December 5, 2006
Taco Bells to Reopen Despite E. Coli Outbreak
By JOHN HOLUSHA
Officials of the corporation that runs the Taco Bell chain said that all its
restaurants would be back in operation today, despite an outbreak of
apparently food-borne infection that sickened at least 39 people in
central New Jersey and on Long Island.
Speaking to an investor conference in New York, Tom Jerzyk, a vice
president of the parent company, Yum Brands, said, “We expect all T
aco Bell restaurants to be back in operation today.”
He said the company had worked with health officials to clean and re-stock
the affected restaurants — eight on Long Island and one in South Plainfield,
N.J. — and said “there is no immediate threat to customers today,” even
though the specific source of the contamination has not been definitely
New Jersey’s top health official seemed to agree that whatever it was that
infected the 39 people with E. coli, a common bacterium that can cause
moderate to serious illness if ingested, the contaminant now appears to be
out of the Taco Bell system.
“There has not been an outbreak since Nov. 29, so I think that whatever
happened went through already,” the state health commissioner,
Fred M. Jacobs, told The Associated Press on Monday.
Meanwhile, the health of the two children most seriously affected by the
E. coli outbreak improved today, according to the Star-Ledger of Newark.
One, a 10-year-old boy, was still in intensive care, though in improved
condition; the other, a 5-year-old girl, was moved out of intensive care and
the hospital’s description of her condition was upgraded to “serious.”
The two children are suffering from a serious kidney disorder that can sometimes
result from infection by certain strains of the bacterium.
The outbreak of E. coli-related illness is the largest since one reported in
mid-September that killed three people and sickened about 200. That outbreak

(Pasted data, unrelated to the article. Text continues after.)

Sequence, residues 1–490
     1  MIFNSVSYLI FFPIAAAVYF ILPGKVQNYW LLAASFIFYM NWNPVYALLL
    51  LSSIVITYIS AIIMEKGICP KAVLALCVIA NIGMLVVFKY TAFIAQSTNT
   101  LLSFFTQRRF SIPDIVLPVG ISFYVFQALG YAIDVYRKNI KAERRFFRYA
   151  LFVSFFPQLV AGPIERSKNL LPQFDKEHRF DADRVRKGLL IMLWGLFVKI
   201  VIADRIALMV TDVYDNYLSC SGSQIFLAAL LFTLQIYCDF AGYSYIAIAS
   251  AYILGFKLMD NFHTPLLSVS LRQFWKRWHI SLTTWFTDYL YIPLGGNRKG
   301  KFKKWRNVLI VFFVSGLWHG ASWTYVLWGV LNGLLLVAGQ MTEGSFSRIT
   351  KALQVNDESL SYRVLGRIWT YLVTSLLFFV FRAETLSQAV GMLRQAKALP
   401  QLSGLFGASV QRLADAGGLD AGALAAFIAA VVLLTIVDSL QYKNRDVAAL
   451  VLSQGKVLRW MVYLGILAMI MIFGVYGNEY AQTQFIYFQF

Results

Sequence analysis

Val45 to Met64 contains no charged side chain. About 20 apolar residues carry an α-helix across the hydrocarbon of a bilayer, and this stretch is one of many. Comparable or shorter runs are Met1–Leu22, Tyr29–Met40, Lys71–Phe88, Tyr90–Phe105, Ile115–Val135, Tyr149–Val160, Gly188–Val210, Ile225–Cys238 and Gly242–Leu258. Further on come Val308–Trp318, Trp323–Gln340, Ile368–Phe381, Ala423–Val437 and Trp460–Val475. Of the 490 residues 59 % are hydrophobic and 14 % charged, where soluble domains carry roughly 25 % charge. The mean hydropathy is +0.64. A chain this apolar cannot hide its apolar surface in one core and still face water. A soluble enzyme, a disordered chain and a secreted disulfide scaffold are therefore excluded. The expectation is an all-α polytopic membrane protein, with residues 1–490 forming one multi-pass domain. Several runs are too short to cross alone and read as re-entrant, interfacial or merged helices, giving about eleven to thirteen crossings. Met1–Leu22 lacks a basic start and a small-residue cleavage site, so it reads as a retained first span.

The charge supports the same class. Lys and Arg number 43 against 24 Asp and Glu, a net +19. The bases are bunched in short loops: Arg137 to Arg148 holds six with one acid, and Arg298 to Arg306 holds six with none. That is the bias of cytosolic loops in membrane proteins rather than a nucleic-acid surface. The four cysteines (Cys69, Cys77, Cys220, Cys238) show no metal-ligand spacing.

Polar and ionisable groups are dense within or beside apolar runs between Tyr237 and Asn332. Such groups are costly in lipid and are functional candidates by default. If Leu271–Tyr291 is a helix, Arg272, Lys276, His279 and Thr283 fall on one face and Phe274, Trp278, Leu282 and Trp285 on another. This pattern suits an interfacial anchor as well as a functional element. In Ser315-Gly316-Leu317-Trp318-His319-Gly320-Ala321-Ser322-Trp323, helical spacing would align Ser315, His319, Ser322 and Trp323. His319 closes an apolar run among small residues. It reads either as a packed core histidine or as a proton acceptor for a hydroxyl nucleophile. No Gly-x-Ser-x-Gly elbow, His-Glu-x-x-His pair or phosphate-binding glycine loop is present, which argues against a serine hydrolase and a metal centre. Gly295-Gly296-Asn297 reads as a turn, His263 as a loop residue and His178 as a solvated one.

was traced to bagged spinach grown in California.
At the request of health authorities, Taco Bell has provided samples of the
ingredients for its Mexican-style products, and made its employees available
In a statement, the New Jersey Department of Health and Senior Services
said there were 25 confirmed cases of E. coli infection in the state, and 12
more probable cases. All were reported in the central part of the state between
Nov. 20 and Nov. 29; nearly all appeared to be customers or workers at the
South Plainfield restaurant.
The agency said that New York health officials notified it of a cluster of
additional cases “with similar onset dates.” That would suggest that
contaminated material was distributed in the region and consumed at about
the same time, since symptoms of illness usually appear about three days
after ingesting the bacteria, the department said.
The New Jersey department said it did not expect results of its tests on
food samples before Wednesday.
Yum Brands operates 5,800 Taco Bell fast-food restaurants, some
company-owned and some franchised, as well as other chains like KFC,
Taco Bell and Long John Silver’s.
The eight restaurants temporarily closed on Long Island were in Deer Park,
East Meadow, Hempstead, Patchogue, Port Jefferson Station, Riverhead,
and in the Roosevelt Field and Broadway regional shopping malls.
Two more New Jersey outlets where people are thought to have been
exposed to E. coli, in Edison and Franklin Township, did not close.